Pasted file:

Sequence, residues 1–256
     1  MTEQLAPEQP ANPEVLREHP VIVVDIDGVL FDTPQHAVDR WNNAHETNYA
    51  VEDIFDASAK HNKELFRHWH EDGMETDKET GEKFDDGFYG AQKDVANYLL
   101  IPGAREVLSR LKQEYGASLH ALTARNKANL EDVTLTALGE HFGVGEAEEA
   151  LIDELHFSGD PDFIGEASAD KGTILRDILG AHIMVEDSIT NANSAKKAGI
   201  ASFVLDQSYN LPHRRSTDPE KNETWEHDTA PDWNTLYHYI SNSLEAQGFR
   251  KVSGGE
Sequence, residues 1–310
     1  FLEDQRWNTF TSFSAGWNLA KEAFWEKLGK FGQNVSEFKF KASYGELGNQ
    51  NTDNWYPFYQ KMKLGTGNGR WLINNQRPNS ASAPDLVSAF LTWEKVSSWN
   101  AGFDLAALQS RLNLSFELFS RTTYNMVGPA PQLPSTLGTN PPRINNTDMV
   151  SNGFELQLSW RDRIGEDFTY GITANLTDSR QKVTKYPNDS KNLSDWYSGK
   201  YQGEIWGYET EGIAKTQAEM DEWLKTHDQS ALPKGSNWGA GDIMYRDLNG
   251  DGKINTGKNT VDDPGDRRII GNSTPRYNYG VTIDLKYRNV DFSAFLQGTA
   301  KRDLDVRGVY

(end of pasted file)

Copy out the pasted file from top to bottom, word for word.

Sequence, residues 1–256
     1  MTEQLAPEQP ANPEVLREHP VIVVDIDGVL FDTPQHAVDR WNNAHETNYA
    51  VEDIFDASAK HNKELFRHWH EDGMETDKET GEKFDDGFYG AQKDVANYLL
   101  IPGAREVLSR LKQEYGASLH ALTARNKANL EDVTLTALGE HFGVGEAEEA
   151  LIDELHFSGD PDFIGEASAD KGTILRDILG AHIMVEDSIT NANSAKKAGI
   201  ASFVLDQSYN LPHRRSTDPE KNETWEHDTA PDWNTLYHYI SNSLEAQGFR
   251  KVSGGE
Sequence, residues 1–310
     1  FLEDQRWNTF TSFSAGWNLA KEAFWEKLGK FGQNVSEFKF KASYGELGNQ
    51  NTDNWYPFYQ KMKLGTGNGR WLINNQRPNS ASAPDLVSAF LTWEKVSSWN
   101  AGFDLAALQS RLNLSFELFS RTTYNMVGPA PQLPSTLGTN PPRINNTDMV
   151  SNGFELQLSW RDRIGEDFTY GITANLTDSR QKVTKYPNDS KNLSDWYSGK
   201  YQGEIWGYET EGIAKTQAEM DEWLKTHDQS ALPKGSNWGA GDIMYRDLNG
   251  DGKINTGKNT VDDPGDRRII GNSTPRYNYG VTIDLKYRNV DFSAFLQGTA
   301  KRDLDVRGVY